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Thread: Help identifying LZSS-style firmware compression

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    Help identifying LZSS-style firmware compression

    Hi everyone,

    I am trying to figure out the compression algorithm being used on firmware for HDMI over Ethernet extenders that use video chips by ITE Tech. It seems to be similar to LZSS in that it uses a control byte that describes 8 chunks at a time, with a 1 bit meaning a literal and a 0 bit meaning a reference to previous data, but the reference seems to be more complicated than typical LZSS implementations (variable length?). I was hoping that someone with more experience than me might be able to recognize something that I'm missing.

    I have attached a zip file containing two sample binary files (bootloader, main firmware) that both appear to be compressed with the same scheme. Unfortunately I don't have any samples of the decompressed data, because it's handled internally in the chip. By looking at the compressed data you can definitely deduce what several uncompressed strings are supposed to be though. Here is what I have figured out so far about the file format:


    • Everything is big-endian.
    • The 32-bit word at 0x10 is the total length of compressed data, starting at (and including) the "SMAZ" identifier.
    • At 0x70 there is a 32-bit word that I think is describing the length of some data immediately afterward. I'm unsure whether this data is relevant to the compression algorithm, or if it's something else to do with initializing the chip. It seems to be in units of 4-byte words.
    • After a few more values I don't understand, the magic identifier "SMAZ" appears. I immediately did some searching for this to see if anyone else had already figured it out, and this is definitely not the Smaz small strings compression algorithm.
    • After SMAZ, there are three 32-bit values. My best guess is that the first one is a decompression buffer size, the second one is the length of the uncompressed data, and the third one is the length of the compressed data. Then, the compressed data immediately follows. In the larger of my two sample binary files, several more groups of [uncompressed len, compressed len, data] repeat after the first set of data, indicating the decompression is done in chunks of 512 KB post-decompression bytes.


    When I analyze the compressed data, it seems LZSS-esque, at least as far as the bits in the control byte are concerned. There are many places where I can find larger chunks of plain text separated by 0xFF every 8 bytes. For example, in the smaller sample file starting at 0x21547, you can find several chunks of 8 plain text bytes prefixed with 0xFF.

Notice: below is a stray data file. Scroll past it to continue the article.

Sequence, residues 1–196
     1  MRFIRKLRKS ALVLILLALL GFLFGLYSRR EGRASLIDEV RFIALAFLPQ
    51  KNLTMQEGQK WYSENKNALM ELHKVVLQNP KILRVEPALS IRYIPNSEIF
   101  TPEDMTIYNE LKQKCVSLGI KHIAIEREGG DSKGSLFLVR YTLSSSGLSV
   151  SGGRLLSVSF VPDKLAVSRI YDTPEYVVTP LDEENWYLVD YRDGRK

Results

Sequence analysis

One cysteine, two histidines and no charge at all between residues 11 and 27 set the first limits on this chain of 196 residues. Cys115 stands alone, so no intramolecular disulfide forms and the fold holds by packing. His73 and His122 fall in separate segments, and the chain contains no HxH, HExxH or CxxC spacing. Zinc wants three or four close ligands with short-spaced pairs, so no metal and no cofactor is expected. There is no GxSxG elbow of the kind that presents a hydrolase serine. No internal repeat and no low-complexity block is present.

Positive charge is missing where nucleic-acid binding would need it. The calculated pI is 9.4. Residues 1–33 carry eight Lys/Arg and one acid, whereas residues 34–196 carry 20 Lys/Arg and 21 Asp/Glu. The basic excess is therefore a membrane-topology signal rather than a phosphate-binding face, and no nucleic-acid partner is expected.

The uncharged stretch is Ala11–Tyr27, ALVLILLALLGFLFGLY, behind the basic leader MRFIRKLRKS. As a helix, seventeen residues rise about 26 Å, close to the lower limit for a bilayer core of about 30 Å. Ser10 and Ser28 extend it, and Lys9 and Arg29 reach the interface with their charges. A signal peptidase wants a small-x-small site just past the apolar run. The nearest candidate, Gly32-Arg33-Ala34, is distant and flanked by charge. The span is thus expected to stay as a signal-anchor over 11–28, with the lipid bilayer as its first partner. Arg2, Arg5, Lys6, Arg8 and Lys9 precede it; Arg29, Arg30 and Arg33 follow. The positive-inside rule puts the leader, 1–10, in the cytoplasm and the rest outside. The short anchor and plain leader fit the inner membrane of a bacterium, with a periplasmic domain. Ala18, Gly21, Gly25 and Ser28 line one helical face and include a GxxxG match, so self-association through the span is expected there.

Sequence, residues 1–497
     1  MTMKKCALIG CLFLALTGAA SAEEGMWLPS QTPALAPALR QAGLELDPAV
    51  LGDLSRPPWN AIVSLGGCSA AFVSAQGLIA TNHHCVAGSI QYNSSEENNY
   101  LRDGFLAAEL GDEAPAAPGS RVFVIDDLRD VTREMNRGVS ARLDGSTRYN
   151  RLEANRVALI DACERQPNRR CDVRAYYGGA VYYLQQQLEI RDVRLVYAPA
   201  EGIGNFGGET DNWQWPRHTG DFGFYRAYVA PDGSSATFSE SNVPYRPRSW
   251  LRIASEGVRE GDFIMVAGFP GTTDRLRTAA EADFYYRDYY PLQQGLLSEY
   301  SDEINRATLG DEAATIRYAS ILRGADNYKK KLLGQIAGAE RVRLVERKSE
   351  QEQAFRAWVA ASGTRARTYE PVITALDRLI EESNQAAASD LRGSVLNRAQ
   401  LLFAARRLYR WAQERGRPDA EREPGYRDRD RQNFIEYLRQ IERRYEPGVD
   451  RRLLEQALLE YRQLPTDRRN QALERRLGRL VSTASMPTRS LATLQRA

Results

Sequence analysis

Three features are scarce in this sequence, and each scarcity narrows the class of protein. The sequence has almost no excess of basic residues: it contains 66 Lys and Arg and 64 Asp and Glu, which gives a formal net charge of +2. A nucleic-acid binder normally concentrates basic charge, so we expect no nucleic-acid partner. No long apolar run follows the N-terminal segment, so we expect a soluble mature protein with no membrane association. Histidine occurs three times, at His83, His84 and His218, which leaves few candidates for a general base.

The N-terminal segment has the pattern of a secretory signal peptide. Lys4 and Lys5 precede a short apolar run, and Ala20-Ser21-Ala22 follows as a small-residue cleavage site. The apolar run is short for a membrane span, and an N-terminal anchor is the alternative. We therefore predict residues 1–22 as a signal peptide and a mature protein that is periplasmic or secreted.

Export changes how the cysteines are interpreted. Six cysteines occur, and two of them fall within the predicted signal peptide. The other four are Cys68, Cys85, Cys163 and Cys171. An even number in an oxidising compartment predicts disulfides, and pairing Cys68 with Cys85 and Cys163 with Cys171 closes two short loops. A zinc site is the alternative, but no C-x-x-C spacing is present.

Another good example is in the larger sample file starting around 0xE024B. If I start there and go forward, processing 0xFF control bytes followed by 8 bytes of uncompressed data, I eventually reach a control byte of 0xFC at 0xE0281. I think the higher bits are counted first, because that is followed by 6 more uncompressed bytes. That's where everything begins to fall apart in my understanding. The uncompressed data seems to start again at 0xE028D, before another control byte has even been reached (the next control byte is at 0xE0290). Also, there should have been two back references, but together they take up 5 bytes, which seems strange.

    Yet another example in the larger file is just afterward at 0xE0337. This is clearly another control byte (0xF0), and clearly the next 4 bytes are uncompressed. But then there are only 3 bytes before the uncompressed bytes start right back up, and the next control byte is at 0xE0346. I don't understand why the uncompressed bytes begin again so quickly.

    I ran the QuickBMS comtype scanner on the first sample file, and none of the results seemed to decode properly, so I don't think it's anything QuickBMS knows about. Does anybody have any clues about what's going on here? Maybe I'm making a mistake comparing it to LZSS. The control bytes seem so similar at first glance, yet they are so different when you start analyzing the data. Is this even enough information to determine anything without having the original uncompressed data available?

    Thanks for any insight!
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    Administrator Shelwien's Avatar
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    I tried looking at it, and I don't think its LZSS or anything similar.
    First, it actually looks compressed (mostly).
    So I think its bitcoded - maybe the tables in the header are related.